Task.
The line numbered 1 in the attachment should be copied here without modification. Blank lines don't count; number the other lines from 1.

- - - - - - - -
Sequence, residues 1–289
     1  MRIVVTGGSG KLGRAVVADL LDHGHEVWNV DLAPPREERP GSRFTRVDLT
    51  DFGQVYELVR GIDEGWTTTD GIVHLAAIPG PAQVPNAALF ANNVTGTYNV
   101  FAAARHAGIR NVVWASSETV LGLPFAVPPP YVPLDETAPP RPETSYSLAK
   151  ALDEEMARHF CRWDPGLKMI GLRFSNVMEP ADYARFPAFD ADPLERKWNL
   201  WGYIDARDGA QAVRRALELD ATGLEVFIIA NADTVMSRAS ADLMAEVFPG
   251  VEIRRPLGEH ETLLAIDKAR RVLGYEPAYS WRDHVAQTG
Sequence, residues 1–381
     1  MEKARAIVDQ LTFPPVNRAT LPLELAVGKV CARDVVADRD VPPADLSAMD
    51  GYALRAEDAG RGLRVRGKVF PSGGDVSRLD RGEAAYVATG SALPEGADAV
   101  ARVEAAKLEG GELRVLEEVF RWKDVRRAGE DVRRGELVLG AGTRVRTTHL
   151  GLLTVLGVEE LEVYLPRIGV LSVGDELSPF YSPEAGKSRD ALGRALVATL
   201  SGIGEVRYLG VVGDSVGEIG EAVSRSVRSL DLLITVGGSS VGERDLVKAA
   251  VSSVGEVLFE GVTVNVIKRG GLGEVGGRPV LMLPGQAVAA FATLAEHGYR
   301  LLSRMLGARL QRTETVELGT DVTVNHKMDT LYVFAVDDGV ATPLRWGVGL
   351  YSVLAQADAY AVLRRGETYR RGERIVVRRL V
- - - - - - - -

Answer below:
Sequence, residues 1–289